St. Augustine businesses hoping to avoid another round of devastation

With the knowledge of just how much wreckage a major storm can leave in its wake, local business owners are doing what they can to mitigate another financial disaster with Hurricane Irma approaching. The problem is that there really isn’t a handbook because all storms are different.


Last year’s brush with Hurricane Matthew brought a shocking amount of damage to the area, especially to homes and businesses in downtown St. Augustine and Davis Shores. Irma is an even more powerful storm that has the potential to deal St. Johns County another serious blow.

Karen Rochelle, co-owner of Rochelle’s Clothing on Anastasia Boulevard, said they had 8-10 inches of water in their store last year. This time, they’re putting up storm shutters and moving inventory to higher ground.

“Whether we prepared properly or not, I don’t know,” she said.

She’s hardly alone in her uncertainty.

Throughout downtown St. Augustine and onto Anastasia Boulevard — areas that saw severe flooding in Matthew — there were signs that business owners were trying to get themselves ready for the worst. And in some cases, they’ve already gotten out.

Several businesses along King Street were closed Thursday, and many of them were already boarded up tight even though the storm will probably not affect this area until Saturday or Sunday.

Many business owners on Thursday were in the process of getting their shops ready for whatever Irma brings.

Dan Sostrom’s toneVENDOR record shop on King Street was absolutely swamped last year in the flood. Like others in downtown, Sostrom knew there was some danger of flooding, but he just didn’t anticipate the level the area experienced.

This time around, he’s trying to be better prepared for what might happen. On Thursday, Sostrom and one of his employees were moving inventory up off the floor and hopefully to a more secure position.

“I don’t know that I would have thought to do this much last year,” he said. “I think because of the storm, now I know what to do. At least it helped me prepare.

“We weren’t so unfortunate that we lost everything. We did lose a lot. Now we know what needs be protected. And we had more time this time.”

Just a few dozen steps away from the record shop, Karla Wagner, owner of the Corazon Cinema and Café on Granda Street, was taking care of some of her last customers of the week Thursday afternoon.

She’ll be closed through the weekend so she can get the place ready for another storm. The hope is to avoid any semblance of last year’s devastation.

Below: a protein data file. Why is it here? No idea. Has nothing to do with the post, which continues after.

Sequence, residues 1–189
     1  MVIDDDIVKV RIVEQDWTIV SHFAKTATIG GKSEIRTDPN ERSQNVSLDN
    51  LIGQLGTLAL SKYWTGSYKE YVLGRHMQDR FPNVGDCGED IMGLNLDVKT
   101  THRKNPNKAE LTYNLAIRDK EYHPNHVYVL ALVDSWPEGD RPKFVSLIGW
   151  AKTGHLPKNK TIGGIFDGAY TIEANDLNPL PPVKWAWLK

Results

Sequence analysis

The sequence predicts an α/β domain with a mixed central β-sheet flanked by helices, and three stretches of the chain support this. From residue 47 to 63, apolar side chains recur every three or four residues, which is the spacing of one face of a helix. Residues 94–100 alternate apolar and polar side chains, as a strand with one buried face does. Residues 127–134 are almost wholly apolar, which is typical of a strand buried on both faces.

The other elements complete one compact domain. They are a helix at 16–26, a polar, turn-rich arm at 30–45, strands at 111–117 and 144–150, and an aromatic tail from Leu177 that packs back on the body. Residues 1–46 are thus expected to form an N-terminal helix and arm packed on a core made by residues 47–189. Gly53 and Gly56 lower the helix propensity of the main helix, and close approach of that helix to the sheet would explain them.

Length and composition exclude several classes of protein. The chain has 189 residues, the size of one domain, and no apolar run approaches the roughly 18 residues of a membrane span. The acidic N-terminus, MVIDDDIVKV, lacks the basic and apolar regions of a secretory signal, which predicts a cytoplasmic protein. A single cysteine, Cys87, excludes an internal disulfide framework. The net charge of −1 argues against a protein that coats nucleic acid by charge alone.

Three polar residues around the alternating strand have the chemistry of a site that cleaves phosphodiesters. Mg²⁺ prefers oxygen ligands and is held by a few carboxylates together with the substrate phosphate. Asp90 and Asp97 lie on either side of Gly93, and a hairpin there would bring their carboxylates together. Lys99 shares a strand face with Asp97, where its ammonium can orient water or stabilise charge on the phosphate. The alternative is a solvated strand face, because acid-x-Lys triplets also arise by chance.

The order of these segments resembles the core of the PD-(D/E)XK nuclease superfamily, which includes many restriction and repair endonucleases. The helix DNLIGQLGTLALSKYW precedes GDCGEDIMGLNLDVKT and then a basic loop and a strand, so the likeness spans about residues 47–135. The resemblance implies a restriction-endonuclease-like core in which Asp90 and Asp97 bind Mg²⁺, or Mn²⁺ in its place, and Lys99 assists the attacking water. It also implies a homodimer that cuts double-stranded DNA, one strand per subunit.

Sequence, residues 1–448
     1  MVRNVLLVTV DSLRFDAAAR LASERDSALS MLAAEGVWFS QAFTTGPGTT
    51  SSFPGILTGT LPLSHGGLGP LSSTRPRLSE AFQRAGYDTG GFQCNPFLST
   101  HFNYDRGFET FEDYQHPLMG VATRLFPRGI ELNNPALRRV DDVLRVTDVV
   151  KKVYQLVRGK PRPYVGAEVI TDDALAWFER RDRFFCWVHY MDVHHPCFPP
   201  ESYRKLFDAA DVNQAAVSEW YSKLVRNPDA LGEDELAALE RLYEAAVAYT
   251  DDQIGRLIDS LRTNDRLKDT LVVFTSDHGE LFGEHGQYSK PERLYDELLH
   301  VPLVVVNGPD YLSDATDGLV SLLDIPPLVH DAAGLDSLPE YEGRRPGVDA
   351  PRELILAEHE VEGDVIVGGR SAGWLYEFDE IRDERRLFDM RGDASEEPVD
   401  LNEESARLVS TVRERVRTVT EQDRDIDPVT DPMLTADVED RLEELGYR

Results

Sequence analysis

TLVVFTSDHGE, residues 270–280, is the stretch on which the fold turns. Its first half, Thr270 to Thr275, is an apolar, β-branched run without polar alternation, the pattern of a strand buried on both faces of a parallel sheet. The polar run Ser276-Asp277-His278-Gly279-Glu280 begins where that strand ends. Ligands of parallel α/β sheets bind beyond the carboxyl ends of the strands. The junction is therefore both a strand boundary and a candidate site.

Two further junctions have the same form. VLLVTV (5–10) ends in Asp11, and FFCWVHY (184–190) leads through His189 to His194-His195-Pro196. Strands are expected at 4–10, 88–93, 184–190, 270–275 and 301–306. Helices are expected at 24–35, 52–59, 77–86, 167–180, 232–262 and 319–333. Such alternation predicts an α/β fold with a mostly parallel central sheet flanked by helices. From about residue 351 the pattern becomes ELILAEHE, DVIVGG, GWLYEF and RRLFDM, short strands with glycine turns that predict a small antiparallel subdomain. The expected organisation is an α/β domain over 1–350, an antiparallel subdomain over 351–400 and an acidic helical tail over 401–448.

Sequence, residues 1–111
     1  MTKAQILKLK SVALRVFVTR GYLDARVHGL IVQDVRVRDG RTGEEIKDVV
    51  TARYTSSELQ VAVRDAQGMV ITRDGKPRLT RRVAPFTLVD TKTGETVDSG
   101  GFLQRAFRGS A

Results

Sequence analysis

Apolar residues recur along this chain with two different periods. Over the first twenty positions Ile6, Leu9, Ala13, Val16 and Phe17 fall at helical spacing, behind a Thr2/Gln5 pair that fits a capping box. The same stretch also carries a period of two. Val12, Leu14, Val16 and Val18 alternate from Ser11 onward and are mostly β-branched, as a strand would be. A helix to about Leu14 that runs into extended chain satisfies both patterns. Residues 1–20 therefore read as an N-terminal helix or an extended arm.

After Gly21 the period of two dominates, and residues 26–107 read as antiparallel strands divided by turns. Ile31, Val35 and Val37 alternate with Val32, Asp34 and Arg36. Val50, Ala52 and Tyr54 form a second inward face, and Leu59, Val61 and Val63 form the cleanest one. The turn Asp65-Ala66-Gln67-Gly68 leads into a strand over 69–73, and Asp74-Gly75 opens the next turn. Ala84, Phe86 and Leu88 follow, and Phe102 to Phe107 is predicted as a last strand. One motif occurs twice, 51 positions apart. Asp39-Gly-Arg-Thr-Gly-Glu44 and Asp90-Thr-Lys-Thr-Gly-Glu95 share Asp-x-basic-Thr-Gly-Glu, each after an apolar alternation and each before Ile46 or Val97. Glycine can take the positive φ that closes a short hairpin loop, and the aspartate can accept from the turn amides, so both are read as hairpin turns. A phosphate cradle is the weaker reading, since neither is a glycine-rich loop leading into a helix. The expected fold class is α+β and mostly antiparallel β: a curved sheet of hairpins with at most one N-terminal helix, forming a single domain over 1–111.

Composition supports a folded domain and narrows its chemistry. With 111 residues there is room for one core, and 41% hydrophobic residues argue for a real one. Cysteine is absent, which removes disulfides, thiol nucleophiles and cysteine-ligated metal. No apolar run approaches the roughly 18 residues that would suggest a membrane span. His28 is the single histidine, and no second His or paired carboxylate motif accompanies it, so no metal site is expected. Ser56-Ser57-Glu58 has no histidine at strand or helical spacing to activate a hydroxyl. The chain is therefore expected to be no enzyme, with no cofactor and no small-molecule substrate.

“It was horrific,” Wagner said. “It was to the point where I wasn’t sure I was going to be able to reopen.

“Talking to my husband outside, I’m like, ‘I don’t know if we can do this again.’ It was a little bit emotional to say the least.”

After losing a month of business to rebuild, Wagner is doing what she can to prevent a repeat of Matthew’s damage. She’ll seal the doors and windows and get most of the furniture off the ground and hope for the best.

“It’s so surreal think we’re going to go through this again,” she said.

What some business owners like Wagner have discovered is the importance of flood insurance — and the importance of understanding one’s policy.

Wagner said she had flood insurance last year, but she was still on the hook for all of the contents of the building that were ruined in the flooding.

Tammy Taylor-Whitehead, who owns Florida Cash pawn shop on King Street and USA Jewelry and Pawn on U.S. 1, said she made the mistake of not having flood insurance last year. It’s an error she corrected for this storm season.

The impact of Matthew caused about $80,000 worth of damage to Florida Cash, Taylor-Whitehead said.

“We definitely have insurance this year,” Taylor-Whitehead said. “We learned a lot from last year. We learned that the water can come up (so high), and we put everything up off the ground. (Last year) even stuff in our safes, guns and stuff, were ruined.”

It was shocking to see such flood damage from Matthew, she said. The store has been in the family for more than 20 years, and Taylor-Whitehead admitted that she just wasn’t ready for such a scene.

“We all just absolutely cried when we walked in last year,” she said. “It was just horrible. I imagine every other homeowner or business owner that got damaged felt that way, too.”